1 Timothy 3:6 Let’s Get Growing

In the early church, at least around the time of Chrysostom who lived around (C 350AD) they recognized at least two stages in a Christian's early life. First you became a catechumen which meant you were being instructed in the ways of Christ and were likely to have received Christ. But first it was required for a time that the catechumen would learn the principles of the faith and prove by evidence of life the sincerity of their fledgling faith. When that catechumen underwent baptism he was called a Neophyte which literally means seedling or "new growth1." It was longer still before that neophyte would be considered a mature Christian. In the context of 1 Timothy 3, it is imperative that an overseer be mature and be seen as holy lest he fall prey to the Devil's schemes. In these two verses we have the two final requirements for an overseer and three results of them being broken.

It all begins with ensuring that the overseer had time to Grow.

Time To Grow

Paul continues the passage saying that the candidate for overseer must not be a new convert. If you've ever heard the word Neophyte2 than you've go the idea of what Paul means by new convert here. The imagery is of a seedling which has only just germinated and burst from its seed. In computer terms we talk about someone like this as a NOOB which means you know very little about computers and are generally at a loss. Paul's use is set somewhat in juxtaposition against the concept of being an "elder" which by definition demands maturity.

When it comes to maturity – nothing takes the place of time. Time in and of itself does not mean maturity as is evidenced in Hebrews 5, but maturity doesn't happen overnight. It's true enough that it takes only a few months to raise a large zucchini; but an oak tree can take decades. But which one would you rather build your house with?


At minimum maturity includes time but "The point, of course, lies more in length of experience than of age.3" Initially this is obvious since a neophyte is precisely the opposite of someone who has matured. Timothy himself provides and excellent demonstration that this doesn't mean merely age, but indicates something more in depth namely: maturity. Failing the maturity test, it's almost certain that an immature believer thrust into leadership will quickly become full of himself.


The quite natural result if he fails to have time to grow is arrogance. In brief time he will start to believe that he has arrived and that he among all the others is the one true shining example of what a believer is supposed to be. Oh how proud God must be of me, he will say to himself. And being full of his own arrogance, blinded by pride he will fall into the devil's judgment.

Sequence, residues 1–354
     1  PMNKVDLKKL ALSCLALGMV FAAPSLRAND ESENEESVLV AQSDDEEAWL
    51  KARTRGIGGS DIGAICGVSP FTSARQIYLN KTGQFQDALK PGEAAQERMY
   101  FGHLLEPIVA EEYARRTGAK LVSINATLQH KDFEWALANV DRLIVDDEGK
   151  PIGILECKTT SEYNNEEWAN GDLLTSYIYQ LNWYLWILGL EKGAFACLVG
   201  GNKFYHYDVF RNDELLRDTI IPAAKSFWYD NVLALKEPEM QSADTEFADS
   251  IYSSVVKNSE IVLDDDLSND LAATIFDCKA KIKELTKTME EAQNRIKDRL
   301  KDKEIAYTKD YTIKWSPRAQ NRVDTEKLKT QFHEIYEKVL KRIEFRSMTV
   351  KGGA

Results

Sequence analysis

To "become conceited" translates a word that means "wrap in smoke."4 The image is of smoke rising to conceal. Figuratively it means to be overcome by your own self importance as if being blinded by a smokescreen – in brief you just plain become full of yourself because you lack an accurate point of reference.

When new pilots are training, they learn the mechanics of the aircraft, principles of flight – familiarity with the controls and so forth. They undergo dozens of hours of instruction with a trained instructor beside them and initially they will train for many hours under clear skies and simple environments until they grow in their confidence and capability to pilot an aircraft. The whole while they will continually reference the many gages and readouts available in the cockpit. In time they will increase their training to the point that they can fly without sight, relying exclusively on their instrument panel to guide them safely even in the densest fog and harshest weather.

New Believers rarely have the tools to fly on instruments so to speak. Only through length of training familiarity with the word of God over a period of time does a new believer gain what is truly needed to not only "fly solo" but also to pilot the plane with passengers. If you would be afraid to fly with a fledgling pilot how much more should we be wary of immature elders?

Moreover, the danger to the church is one thing but there is an enormous danger to the overseer as well. Paul warns that conceited man will fall into the judgement of the devil.


But what exactly does that mean? Actually the phrase can be taken one of two basic ways.5

It could be taken one of two ways and differing Bible translations go towards one side or the other.6

  1. Receiving the judgement which the devil received.

  2. Receiving judgment at the hand of the devil.